Microkeratome Lasik Advanced Corrective Eye Surgery

Eye surgery has advanced to such a level that ophthalmic surgeons are now able to correct astigmatism, farsightedness and nearsightedness by reshaping the cornea. This changes the way in which the eye refracts to light and corrects the vision problem. Microkeratome Lasik surgery is a mechanical procedure which uses a blade.

Effectively the surgeon makes use of this tiny little blade to create a flap in the corneal tissue. The surgeon then removes a certain amount of this tissue with an “eximer laser” and replaces the flap. There is also a newer type of bladeless Lasik in which a Femtosecond laser is used to create the flap, after which the same technique is used to remove the required amount of corneal tissue.

This surgery has been designed to assist people to see better, and many patients who have had to wear spectacles or contact lenses for years have been helped. The concept or rational for this surgery remains the same with every practitioner, however the tools they used to perform the surgery differ. For some ophthalmologists the terminology “Lasik” means all laser, while other still make use of Microkeratome Lasik in which a surgical scalpel is used.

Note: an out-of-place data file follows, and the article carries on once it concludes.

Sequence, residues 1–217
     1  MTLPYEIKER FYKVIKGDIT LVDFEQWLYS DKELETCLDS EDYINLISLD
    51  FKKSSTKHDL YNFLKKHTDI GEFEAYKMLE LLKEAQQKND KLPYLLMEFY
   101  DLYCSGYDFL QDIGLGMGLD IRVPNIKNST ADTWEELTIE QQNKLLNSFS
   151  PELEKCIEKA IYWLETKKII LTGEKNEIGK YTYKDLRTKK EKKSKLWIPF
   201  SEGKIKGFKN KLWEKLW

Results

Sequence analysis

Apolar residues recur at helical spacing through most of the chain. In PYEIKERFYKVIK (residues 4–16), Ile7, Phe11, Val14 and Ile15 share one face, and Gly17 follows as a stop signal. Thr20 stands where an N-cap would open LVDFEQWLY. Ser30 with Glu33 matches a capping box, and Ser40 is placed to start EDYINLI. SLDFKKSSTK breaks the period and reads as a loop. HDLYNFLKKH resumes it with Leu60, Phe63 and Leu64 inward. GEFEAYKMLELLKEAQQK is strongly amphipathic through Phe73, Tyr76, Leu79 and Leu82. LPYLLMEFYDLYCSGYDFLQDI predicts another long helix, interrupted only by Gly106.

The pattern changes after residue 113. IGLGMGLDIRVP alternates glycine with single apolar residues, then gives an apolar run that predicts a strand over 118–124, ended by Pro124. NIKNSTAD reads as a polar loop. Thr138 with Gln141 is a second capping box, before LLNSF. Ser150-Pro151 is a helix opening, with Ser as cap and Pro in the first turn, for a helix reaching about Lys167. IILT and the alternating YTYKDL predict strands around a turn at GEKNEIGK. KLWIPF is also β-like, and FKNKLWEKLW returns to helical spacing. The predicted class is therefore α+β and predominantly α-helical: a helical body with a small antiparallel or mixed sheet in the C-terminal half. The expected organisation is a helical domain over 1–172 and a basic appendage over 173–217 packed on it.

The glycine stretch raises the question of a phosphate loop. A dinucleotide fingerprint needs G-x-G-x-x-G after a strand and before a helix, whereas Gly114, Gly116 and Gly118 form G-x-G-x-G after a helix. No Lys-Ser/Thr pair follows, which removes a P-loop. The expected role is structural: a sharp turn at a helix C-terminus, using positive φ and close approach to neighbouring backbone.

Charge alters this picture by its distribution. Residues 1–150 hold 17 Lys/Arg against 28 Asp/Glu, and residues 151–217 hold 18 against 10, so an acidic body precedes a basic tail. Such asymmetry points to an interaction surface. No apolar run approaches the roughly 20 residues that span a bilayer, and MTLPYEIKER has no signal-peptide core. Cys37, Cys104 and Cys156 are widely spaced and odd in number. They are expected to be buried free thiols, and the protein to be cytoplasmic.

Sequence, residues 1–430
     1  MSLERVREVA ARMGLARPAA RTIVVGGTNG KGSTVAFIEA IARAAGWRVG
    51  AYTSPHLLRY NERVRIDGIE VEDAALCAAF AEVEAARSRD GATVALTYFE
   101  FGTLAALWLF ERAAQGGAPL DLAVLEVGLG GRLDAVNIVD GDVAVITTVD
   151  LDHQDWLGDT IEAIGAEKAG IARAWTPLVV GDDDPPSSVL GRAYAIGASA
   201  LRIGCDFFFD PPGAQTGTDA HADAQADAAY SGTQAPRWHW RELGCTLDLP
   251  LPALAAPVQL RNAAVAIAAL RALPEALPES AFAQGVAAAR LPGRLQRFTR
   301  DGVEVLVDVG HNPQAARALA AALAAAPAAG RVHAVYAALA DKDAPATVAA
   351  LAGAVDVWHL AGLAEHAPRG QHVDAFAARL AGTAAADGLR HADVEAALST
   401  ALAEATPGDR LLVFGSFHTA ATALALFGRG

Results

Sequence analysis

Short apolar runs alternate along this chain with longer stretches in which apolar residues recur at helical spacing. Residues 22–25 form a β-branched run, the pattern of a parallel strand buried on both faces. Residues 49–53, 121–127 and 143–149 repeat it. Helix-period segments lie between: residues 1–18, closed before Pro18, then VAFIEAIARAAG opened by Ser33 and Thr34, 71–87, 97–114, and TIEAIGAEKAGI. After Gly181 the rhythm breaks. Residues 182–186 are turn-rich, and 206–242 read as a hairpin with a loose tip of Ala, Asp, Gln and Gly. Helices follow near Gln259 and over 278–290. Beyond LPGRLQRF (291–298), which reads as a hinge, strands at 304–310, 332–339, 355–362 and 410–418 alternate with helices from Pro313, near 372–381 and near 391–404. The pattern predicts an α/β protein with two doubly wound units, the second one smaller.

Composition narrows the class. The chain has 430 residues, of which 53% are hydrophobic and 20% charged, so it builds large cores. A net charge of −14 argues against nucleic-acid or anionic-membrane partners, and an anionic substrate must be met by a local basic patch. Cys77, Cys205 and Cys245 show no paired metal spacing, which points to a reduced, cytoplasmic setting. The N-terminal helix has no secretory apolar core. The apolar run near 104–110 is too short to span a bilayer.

Mayo Clinic health studies are available which compare bladeless and mechanical Lasik surgery, and these studies have found that both types of surgery have equal results. So you can rest assured that if your ophthalmologist is using a blade or a laser the results you will obtain from the surgery will be of equal quality.

Test subjects were examined six months after both these types of surgery had been completed, and no differences were found in respect of visual acuity. This particular study involved twenty patients, all of whom received surgery for astigmatism or nearsightedness.

The fact that both of these forms of surgery are available to patients who want to undergo this operation (it is elective surgery) indicates that either complete laser or Microkeratome surgery are just as good as one-another. In actual fact, in the study it was found that back-scatter was more prevalent in patients who received all-laser surgery as apposed to Microkeratome. Backscatter does not affect the quality of vision it can only be seen by the physician under testing conditions.